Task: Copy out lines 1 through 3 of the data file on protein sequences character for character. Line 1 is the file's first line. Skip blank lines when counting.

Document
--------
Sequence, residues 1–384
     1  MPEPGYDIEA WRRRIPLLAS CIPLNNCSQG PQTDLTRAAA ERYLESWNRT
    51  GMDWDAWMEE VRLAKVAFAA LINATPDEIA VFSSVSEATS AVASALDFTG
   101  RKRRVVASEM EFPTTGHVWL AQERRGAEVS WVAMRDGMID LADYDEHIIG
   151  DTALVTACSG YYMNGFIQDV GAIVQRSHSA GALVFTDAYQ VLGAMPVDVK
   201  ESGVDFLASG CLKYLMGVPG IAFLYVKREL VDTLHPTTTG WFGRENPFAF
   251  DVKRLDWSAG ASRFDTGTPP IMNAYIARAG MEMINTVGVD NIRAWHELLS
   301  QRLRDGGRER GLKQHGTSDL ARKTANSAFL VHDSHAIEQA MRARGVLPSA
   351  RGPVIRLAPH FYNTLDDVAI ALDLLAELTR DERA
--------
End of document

Sequence, residues 1–384
     1  MPEPGYDIEA WRRRIPLLAS CIPLNNCSQG PQTDLTRAAA ERYLESWNRT
    51  GMDWDAWMEE VRLAKVAFAA LINATPDEIA VFSSVSEATS AVASALDFTG